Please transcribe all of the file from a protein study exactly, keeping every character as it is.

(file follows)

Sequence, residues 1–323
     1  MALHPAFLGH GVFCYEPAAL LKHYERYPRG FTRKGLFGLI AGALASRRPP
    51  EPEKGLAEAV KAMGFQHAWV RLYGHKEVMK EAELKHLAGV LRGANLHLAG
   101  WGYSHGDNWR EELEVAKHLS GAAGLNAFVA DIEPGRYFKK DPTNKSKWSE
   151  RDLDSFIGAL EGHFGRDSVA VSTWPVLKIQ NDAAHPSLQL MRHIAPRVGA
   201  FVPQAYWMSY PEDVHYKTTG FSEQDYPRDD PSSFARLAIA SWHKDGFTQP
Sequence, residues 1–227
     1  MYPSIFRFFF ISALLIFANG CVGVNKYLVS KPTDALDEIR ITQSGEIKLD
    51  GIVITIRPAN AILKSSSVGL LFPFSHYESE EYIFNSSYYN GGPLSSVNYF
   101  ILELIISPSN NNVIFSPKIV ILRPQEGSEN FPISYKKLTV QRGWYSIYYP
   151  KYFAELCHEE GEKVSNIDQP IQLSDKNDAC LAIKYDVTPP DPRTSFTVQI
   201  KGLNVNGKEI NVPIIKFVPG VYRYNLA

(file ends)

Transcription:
Sequence, residues 1–323
     1  MALHPAFLGH GVFCYEPAAL LKHYERYPRG FTRKGLFGLI AGALASRRPP
    51  EPEKGLAEAV KAMGFQHAWV RLYGHKEVMK EAELKHLAGV LRGANLHLAG
   101  WGYSHGDNWR EELEVAKHLS GAAGLNAFVA DIEPGRYFKK DPTNKSKWSE
   151  RDLDSFIGAL EGHFGRDSVA VSTWPVLKIQ NDAAHPSLQL MRHIAPRVGA
   201  FVPQAYWMSY PEDVHYKTTG FSEQDYPRDD PSSFARLAIA SWHKDGFTQP
Sequence, residues 1–227
     1  MYPSIFRFFF ISALLIFANG CVGVNKYLVS KPTDALDEIR ITQSGEIKLD
    51  GIVITIRPAN AILKSSSVGL LFPFSHYESE EYIFNSSYYN GGPLSSVNYF
   101  ILELIISPSN NNVIFSPKIV ILRPQEGSEN FPISYKKLTV QRGWYSIYYP
   151  KYFAELCHEE GEKVSNIDQP IQLSDKNDAC LAIKYDVTPP DPRTSFTVQI
   201  KGLNVNGKEI NVPIIKFVPG VYRYNLA